Nourishing Traditions Book Review: Part X – Stocks

This is a great chapter!  Like I’ve found any that aren’t!  I guess I probably like this one because I already make my own stocks and who doesn’t like a pat on the back every now and then!  I haven’t make fish stock, though, so that is going to be added to the to do list for the year!  We eat fish every now and then, but seafood isn’t super popular in our home… or should I say, not popular with the cook!  
My kids will eat just about anything that is served and LOVE shrimp and I know dear hubby will eat any type of seafood raw or cooked except sea urchin.  So, the problem herein lies with the cook!  We even have an Asian market nearby, so there is ample opportunity for good quality fresh seafood!  In fact we even had crabs for $1/lb this past summer!  No excuse as all!
Anyway… I’ve gone off topic.  Fallon has the greatest summery of the benefits of stock that I can’t even hope to explain, so enjoy this excerpt from the book on page 116.
Properly prepared, meat stocks are extremely nutritious, containing the minerals of bone, cartilage, marrow and vegetables as electrolytes, a form that is easy to assimilate.  Acidic wine or vinegar added during cooking helps to draw minerals, particularly calcium, magnesium and potassium, into the broth. 
The book contains lots of different types of recipes for all types of stock, fish, shrimp, beef, lamb, venison and chicken!  I have to say my go to is chicken stock since it is so much easier to obtain the bones!  I usually will cook a whole chicken for dinner one night and save the left over meat for another meal and use the bones to make stock.  That way I get 3 meals off of one bird.
I know this concept is new for some people, but I’m very thankful I grew up eating like this.  My mother always made her own stock like her mother did and I’ve reaped the benefits!  I don’t think my mother or grandmother has ever purchased stock or gravy from the super market.  They’ve always made it themselves.I’m still hoping upon hope that dear hubby will get a deer this year.
As we are contemplating moving and condensing and packing and updating to get our house on the market, I think it is going to leave precious little time for hunting!  It sure would be nice to have some venison for the winter, packed away in the freezer.  Last deer he got I didn’t even think of saving the bones, but if I can fine enough precious freezer space I’ll be sure to save them for making stock with!
As I mentioned earlier Fallon has many different recipes for stock in her book.  Mine is listed below and is very similar to what she writes.  I don’t have the feet, which she uses and I tend to add a few more veggies.  She uses the basics: carrots, onion and celery.
Bethanie’s Chicken Stock
Bones from whole chicken (I usually don’t pick it completely clean so there is a little meat left on it.)
gizzards, liver, neck and whatever else is left in the cavity at purchase
1 onion – chop into about 4 pieces and leave skin on
2-3 carrots – chop in half don’t peal
3-4 cloves of garlic with skin still on
2-3 stalks of celery
large piece of ginger with skin still on
About 2 TBSP apple cider vinegar

Sometimes I just add what else is in the fridge – cabbage, spinach, beets, turnips, parsnips, etc.  All add or change the flavor a bit!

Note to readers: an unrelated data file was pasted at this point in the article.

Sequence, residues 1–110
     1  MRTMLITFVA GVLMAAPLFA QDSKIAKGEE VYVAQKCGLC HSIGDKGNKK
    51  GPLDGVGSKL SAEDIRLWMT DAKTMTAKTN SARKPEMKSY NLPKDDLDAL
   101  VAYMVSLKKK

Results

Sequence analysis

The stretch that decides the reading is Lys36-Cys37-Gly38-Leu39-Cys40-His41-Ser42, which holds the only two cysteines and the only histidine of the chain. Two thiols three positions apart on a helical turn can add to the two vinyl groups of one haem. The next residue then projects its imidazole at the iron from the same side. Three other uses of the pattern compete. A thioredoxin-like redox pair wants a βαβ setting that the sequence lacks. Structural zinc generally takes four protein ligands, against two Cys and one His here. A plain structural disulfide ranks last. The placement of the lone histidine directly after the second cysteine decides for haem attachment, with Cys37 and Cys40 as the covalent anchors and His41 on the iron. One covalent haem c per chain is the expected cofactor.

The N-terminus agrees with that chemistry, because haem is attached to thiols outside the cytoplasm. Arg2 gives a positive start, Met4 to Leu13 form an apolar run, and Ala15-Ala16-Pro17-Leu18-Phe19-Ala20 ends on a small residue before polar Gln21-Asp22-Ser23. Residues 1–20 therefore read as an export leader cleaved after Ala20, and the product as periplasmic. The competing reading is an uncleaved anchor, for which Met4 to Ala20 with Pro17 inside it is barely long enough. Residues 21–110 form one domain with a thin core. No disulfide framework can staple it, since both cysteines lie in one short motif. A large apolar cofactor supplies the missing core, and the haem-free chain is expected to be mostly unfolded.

Break up the bones of the chicken a bit so that the marrow can be more easily cooked out. Add all other ingredients and into crock pot and cook on low setting for about 24 hours.

After the 24 hours, strain the broth through a cheese cloth and store in quart sized jars.  I make sure it is an older cheese cloth, because my stock is usually pretty dark and will stain the cloth.

Fallon says the broth will keep in the fridge for about 2 weeks. I have found that to be different for me.  If the stock smells sour or rancid I don’t use it, but that has only happened less than 5 times for me.
I don’t skim the fat off mine and once it is in the fridge mine usually has a thick layer of fat on top which seals it off.  I’ve kept mine in the fridge for at least 3 months with no problems.  Once the fat seal is broken I use it with in a week, but prior to that it has kept with out a problem.
Also, a huge benefit of the stock is the gelatin that comes from the bones and marrow.  By cooking the stock on low for a long period of time it pulls the gelatin out and doesn’t break it down.  Don’t allow it to boil.  The majority of the time my stock is so gelatinous that it can’t be poured out of the jar, but needs to be scooped out unless it has been warmed up.
How do you make your broth?  Do you have any additional pointers for me?

2 thoughts on “Nourishing Traditions Book Review: Part X – Stocks

  1. What are some ways you use the stock in cooking? I have never made stock and don’t really know how to use it once it is made, esp if it is very gelatinous. thanks!


    1. When it is gelatinous it will thin out when you warm it and can use it for any types of soups or stews. I use stock for EVERYTHING! Mostly for stir fry, but I’ll also use it instead of water for cooking quinoa, lentils or rice. We probably have soup or stew once a week in the winter which makes us go through it much more quickly. Hope that helps. I’ll have to note the next time I use it. I always have a jar in the fridge and feel like I’m constantly getting it out, but can’t think of anything else I use it for off the top of my head…


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